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G20 finance ministers to tackle corporate tax avoidance

An OECD action plan will be presented before the G20 in July

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The G20 group of finance ministers have pledged to tackle tax avoidance by multinational companies at a meeting in Moscow.

In their final communiqué of the discussion on tax avoidance led by UK, France and Germany, the ministers said they were determined to develop measures to put curbs on multinational firms shifting profits from one hub to pay less tax elsewhere.

The ministers also pledged to refrain from devaluing currencies to gain economic advantage and calmed fears of a "currency war" in wake of Japan's recent moves, which have resulted in a lower value of the yen, aiding its exporters in the process.

The finance ministers of UK, France and Germany – namely George Osborne, Pierre Moscovici and Wolfgang Schaeuble – supported international action on companies which transfer profits from their home country to another in order to pay lower taxes.

An OECD action plan will be presented before the G20 in July. It will be formulated with the help of three committees, one of which would be chaired by the UK.

The committee would be looking at transfer pricing – i.e. how multinational corporations calculate the payments passed between their subsidiaries in different countries. This can be used to shift profits from high-tax jurisdictions to lower-tax ones.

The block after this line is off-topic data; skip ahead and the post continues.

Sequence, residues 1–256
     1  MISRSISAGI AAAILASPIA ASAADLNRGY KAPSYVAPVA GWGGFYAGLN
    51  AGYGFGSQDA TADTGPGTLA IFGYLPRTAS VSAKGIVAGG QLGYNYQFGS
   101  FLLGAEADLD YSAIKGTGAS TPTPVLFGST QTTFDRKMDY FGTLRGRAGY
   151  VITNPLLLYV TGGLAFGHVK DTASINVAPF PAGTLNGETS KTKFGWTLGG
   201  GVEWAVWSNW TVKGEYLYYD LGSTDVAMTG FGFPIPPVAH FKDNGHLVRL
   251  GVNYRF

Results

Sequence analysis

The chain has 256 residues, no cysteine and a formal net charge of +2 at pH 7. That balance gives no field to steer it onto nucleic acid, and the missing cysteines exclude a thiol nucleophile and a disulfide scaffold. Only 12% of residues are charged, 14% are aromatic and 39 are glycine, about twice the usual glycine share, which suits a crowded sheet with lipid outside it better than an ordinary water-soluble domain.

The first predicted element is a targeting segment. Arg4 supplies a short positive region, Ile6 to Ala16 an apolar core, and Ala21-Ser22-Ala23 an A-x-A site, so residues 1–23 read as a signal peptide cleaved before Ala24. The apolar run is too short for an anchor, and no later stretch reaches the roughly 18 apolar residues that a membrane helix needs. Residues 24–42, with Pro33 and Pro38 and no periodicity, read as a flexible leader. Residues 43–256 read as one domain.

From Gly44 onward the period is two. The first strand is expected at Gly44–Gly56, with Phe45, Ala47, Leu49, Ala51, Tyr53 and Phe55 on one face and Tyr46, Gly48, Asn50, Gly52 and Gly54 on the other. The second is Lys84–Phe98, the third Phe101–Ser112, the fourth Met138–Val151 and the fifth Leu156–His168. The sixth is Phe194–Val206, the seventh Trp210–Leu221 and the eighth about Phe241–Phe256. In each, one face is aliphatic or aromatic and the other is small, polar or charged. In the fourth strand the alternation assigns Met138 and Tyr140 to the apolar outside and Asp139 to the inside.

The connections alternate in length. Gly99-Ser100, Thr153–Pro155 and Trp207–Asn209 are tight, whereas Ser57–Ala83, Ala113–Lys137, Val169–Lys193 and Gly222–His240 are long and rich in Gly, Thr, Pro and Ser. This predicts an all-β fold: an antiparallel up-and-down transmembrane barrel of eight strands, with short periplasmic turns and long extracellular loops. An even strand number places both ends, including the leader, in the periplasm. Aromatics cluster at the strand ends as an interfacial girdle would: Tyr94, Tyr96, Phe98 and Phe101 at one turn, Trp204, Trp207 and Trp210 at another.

Germany will lead a panel looking at companies’ tax mitigation mechanisms while France and the US will jointly consider the problem of identifying the correct tax jurisdiction for e-commerce businesses.

"We are determined to develop measures to address base erosion and profit shifting, take the necessary collective action and look forward to the comprehensive action plan the OECD will present to us in July," the G20 communiqué read.

Speaking in Moscow, Osborne bemoaned a global taxation system which had been guided by principles set out by the "League of Nations in the 1920s, with few changes since".

He said, "We want businesses to pay the taxes that we set in our countries. And that cannot be achieved by one country alone."

A number of companies, including Amazon, Facebook, Google and Starbucks, have come under criticism for employing tax avoidance loopholes in recent months.

Away from taxation matters, the G20 ministers refrained from singling out Japan over the recent weakness of its currency. However, their communiqué pledged that G20 members would "refrain from competitive devaluation".


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